([1]) “Legislative Decree No. 32”, Sana, Publication date: Sep 03, 2023, Link: https://bit.ly/48AmAXB

([2]) “Bashar al-Assad ends the system of military field courts”, The new Arab, Publication date: Sep 03, 2023, Link: https://bit.ly/46i3Jiy

([3]) “The Penal Code and Military Procedure”, The Syrian Parliament, Publication date: Mar 13, 1950, Link: https://bit.ly/3Lh0EUh

([4]) “The Muslim Brotherhood Uprising in Syria (1979-1982) which comprised the Hama massacre”, EUAA, Publication date: September 2020, Link: https://bit.ly/3LKVD9V

([5]) “An Instrument of Death and Disappearance: How the Syrian Regime Uses Military Field Courts Against Activists and Dissidents” SNHR, Publication date: Sep 12, 2023, Link: https://bit.ly/46BuVZ4

([6]) SNHR’s 12th Annual Report on Enforced Disappearance in Syria”, SNHR, Publication date: Aug 30, 2023, Link: https://bit.ly/46z6w6

([7]) “Changing the Security Sector in Syria”, Omran Center for Strategic Studies, Publication date: Oct 23, 2017, Link: https://bit.ly/45jogSp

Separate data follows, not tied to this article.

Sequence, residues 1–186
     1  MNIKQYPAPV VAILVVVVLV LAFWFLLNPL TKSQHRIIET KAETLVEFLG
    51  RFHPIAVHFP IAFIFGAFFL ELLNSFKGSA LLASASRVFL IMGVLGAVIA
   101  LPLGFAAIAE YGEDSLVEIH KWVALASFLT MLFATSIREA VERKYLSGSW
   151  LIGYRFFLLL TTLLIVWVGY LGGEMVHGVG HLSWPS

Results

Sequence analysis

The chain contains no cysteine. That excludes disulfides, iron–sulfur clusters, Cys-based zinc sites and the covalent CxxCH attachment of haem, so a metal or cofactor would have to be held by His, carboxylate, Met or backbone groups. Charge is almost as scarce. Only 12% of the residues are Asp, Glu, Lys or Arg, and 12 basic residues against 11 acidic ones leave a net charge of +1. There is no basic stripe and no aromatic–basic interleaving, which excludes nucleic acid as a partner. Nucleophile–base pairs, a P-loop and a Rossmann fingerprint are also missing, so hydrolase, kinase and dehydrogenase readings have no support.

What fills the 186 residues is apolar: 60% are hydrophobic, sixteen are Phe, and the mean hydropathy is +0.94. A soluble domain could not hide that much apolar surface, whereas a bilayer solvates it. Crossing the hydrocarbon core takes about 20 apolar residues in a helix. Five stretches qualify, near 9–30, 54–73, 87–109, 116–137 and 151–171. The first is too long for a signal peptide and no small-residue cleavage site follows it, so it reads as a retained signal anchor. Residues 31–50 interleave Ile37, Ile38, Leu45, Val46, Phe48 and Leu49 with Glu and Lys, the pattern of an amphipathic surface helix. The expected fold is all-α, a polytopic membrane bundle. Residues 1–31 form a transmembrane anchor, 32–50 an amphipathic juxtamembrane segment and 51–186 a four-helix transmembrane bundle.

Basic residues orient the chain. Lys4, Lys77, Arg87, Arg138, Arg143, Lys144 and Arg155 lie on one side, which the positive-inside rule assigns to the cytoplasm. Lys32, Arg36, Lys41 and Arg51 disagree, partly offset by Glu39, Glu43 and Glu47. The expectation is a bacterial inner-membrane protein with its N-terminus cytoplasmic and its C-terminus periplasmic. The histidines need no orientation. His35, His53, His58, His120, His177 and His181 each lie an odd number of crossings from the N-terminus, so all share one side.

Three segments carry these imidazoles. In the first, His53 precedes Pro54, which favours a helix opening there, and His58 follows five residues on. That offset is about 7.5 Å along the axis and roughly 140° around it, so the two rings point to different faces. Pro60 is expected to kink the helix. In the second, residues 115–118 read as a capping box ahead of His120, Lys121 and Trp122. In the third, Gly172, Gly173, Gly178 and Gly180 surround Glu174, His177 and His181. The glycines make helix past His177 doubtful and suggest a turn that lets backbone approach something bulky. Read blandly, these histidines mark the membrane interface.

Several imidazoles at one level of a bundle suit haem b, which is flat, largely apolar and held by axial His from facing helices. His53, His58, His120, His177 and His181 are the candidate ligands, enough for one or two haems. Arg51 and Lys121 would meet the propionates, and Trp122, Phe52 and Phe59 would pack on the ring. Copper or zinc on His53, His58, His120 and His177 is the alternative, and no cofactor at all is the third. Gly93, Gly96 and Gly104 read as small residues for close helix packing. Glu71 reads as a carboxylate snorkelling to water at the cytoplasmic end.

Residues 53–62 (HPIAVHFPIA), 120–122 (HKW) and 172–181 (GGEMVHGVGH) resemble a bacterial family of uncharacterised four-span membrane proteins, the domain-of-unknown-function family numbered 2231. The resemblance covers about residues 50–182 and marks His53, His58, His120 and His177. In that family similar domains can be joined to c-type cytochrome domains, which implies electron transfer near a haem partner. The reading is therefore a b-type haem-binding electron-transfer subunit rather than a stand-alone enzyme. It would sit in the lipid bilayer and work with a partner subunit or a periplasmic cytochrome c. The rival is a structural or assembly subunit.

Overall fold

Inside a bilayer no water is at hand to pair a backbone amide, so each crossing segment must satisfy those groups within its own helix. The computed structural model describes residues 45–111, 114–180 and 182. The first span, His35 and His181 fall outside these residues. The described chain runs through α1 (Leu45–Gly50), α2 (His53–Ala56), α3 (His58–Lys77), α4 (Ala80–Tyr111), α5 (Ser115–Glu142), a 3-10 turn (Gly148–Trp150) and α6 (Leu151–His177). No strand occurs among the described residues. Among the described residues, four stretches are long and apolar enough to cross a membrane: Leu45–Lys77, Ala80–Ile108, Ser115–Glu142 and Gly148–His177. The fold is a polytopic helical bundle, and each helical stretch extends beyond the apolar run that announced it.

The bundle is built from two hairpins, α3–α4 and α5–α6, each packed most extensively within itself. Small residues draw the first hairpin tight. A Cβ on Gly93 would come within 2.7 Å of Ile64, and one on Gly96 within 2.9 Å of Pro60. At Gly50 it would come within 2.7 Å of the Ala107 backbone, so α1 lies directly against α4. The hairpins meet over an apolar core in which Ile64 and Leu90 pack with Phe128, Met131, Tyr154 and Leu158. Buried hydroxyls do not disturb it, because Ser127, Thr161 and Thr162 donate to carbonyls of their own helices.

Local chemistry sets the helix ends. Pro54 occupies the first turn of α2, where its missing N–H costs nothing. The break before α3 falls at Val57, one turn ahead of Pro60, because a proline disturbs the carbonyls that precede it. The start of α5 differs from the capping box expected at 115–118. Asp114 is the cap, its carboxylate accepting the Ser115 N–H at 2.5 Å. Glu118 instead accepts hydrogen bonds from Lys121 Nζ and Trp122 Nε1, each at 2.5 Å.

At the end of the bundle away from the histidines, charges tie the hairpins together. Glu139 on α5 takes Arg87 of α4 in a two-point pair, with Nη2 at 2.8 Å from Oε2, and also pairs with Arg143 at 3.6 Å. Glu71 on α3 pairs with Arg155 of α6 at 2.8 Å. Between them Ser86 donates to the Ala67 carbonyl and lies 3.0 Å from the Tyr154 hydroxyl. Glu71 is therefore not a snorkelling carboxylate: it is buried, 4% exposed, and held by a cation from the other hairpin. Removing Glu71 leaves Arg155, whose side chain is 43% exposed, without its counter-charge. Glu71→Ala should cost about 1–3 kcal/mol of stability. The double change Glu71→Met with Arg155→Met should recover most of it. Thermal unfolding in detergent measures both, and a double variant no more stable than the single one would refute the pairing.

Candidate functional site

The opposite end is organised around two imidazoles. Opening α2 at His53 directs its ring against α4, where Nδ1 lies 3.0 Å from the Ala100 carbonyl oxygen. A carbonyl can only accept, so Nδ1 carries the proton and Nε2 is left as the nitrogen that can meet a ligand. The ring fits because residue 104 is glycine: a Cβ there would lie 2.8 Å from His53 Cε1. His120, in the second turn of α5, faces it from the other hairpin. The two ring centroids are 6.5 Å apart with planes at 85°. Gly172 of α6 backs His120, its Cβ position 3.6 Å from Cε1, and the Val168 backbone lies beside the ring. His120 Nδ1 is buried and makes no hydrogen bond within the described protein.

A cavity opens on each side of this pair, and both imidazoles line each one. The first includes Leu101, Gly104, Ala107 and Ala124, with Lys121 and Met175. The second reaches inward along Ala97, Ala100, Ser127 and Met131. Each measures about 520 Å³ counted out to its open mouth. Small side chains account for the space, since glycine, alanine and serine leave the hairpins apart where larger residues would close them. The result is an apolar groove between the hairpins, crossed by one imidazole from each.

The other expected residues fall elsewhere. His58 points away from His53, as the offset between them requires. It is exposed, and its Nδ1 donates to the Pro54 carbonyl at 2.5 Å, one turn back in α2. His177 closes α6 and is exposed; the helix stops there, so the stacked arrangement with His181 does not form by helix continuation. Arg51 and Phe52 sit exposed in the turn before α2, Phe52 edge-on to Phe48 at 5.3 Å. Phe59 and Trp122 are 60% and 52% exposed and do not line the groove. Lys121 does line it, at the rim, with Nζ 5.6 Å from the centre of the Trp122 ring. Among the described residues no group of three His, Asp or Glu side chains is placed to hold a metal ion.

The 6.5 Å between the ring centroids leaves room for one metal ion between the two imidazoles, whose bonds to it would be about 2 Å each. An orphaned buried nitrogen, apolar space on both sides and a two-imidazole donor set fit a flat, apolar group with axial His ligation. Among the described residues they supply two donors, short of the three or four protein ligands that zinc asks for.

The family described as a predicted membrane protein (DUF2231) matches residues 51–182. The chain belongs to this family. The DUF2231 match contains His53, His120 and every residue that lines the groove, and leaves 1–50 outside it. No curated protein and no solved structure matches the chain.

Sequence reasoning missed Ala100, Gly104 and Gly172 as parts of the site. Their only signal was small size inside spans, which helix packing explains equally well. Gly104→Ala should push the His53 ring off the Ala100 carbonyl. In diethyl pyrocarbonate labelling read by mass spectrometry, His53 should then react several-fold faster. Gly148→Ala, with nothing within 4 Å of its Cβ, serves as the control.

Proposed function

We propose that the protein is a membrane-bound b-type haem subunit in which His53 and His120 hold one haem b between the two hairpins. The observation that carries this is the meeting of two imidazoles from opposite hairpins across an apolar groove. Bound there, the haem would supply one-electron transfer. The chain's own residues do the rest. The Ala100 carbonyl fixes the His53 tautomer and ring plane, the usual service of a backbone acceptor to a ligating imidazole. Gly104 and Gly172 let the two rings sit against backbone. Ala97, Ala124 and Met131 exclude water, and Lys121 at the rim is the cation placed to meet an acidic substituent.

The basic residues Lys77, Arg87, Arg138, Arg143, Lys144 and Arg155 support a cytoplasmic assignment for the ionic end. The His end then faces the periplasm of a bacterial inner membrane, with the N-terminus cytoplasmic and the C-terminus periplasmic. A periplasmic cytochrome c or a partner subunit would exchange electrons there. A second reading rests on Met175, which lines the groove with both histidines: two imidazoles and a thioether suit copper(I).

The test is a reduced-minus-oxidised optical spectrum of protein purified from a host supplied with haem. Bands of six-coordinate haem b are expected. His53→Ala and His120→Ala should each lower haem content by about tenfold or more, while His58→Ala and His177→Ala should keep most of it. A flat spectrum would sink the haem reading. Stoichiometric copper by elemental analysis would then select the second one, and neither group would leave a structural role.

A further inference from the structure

([8]) “Families of Syrian prisoners and missing persons 'paid $900 million' to find out the fate of their children”, BBC, Publication date: Sep 14, 2023, Link: https://bit.ly/3EZXbJ4

([9]) “Syrian Arab Republic 2012”, Constitute project, Publication date: Feb 27, 2012, Link: https://bit.ly/48Giihe

 ([10]) Application of the Convention against Torture and Other Cruel, Inhuman or Degrading Treatment or Punishment (Canada and the Netherlands v. Syrian Arab Republic)”, International Court of Justice, Publication date: July 15, 2023, Link: https://bit.ly/45irIwH

([11])“Syria announces lifting of state of emergency and cancellation of Supreme State Security Court”, the world of the homeland, Publication date: Apr 10, 2011, Link: https://bit.ly/3LJUv6l

 ([12])“Law 22 of 2012 establishes a Damascus-based terrorism case court”, The Syrian Parliament, Publication date: July 26, 1950, Link: https://bit.ly/3RrxSqP

 

Published in Articles

Executive Summary

This report provides an overview of the key events in Syria during the month of August 2023, focusing on political, security, and economic developments. It examines the developments at different levels.